From its creation in 2005, this show defines the quest for hopeless romantic Ted Moseby to find the love of his life by telling how every single woman or bump in the way helped to make him that person by not letting that person be his all consuming be all end all wife. In the pilot, he comes off annoying in that same way that Ross on Friends did, and this doesn’t seem to offer much hope for the show. However, unlike with the crapfest that The Big Bang Theory was in the time I watched it (about 5 minutes total), I didn’t shut How I Met Your Mother off after 5 minutes when I realized that I would have to endure Roseanne’s annoying son in law, Johnny Galecki, and his overly nerded out friends. Not that I have anything against the geek factor, since, hell, I am a knowledge junkie geek of sorts myself, but that show just sucked.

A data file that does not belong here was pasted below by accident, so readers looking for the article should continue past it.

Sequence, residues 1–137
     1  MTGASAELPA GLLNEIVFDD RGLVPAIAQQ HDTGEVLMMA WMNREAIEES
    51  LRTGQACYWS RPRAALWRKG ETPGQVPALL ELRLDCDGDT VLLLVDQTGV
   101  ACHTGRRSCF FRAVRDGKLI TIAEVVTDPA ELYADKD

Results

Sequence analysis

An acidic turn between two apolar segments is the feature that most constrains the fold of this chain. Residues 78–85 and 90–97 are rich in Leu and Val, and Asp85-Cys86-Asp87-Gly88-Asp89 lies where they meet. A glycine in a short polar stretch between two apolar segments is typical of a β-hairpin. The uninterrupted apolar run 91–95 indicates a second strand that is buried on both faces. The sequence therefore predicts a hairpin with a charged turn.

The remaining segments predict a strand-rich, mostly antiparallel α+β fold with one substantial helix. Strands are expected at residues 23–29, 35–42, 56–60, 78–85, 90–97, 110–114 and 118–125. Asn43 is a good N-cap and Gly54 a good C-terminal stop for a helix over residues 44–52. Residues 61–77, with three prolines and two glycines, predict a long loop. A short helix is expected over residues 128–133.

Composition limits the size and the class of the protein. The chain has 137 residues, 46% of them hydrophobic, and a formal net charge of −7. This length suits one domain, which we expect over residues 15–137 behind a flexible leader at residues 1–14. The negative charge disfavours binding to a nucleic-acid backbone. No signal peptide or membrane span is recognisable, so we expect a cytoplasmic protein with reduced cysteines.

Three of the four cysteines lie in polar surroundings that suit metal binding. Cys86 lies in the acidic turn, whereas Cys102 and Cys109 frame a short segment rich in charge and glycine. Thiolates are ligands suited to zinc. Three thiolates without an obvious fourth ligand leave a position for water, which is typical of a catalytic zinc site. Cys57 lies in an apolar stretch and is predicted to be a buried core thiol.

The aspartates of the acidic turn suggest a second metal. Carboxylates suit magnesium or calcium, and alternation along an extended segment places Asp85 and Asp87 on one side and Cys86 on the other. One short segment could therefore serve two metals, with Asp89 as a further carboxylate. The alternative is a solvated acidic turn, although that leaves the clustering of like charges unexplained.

Nevertheless, after about 8 episodes of investment into the show, How I Met Your Mother started to move toward something, and my wife and I agreed to go for another disc. And so, this was the benefit of catching a show many years into its lifespan. You, or in this case we, can get the discs from Netflix or the library and watch them one after the other and take everything in to get up to the current state of the show, and we can also not have to worry about cliffhanger endings…
Because cliffhanger endings can suck the life out of the show.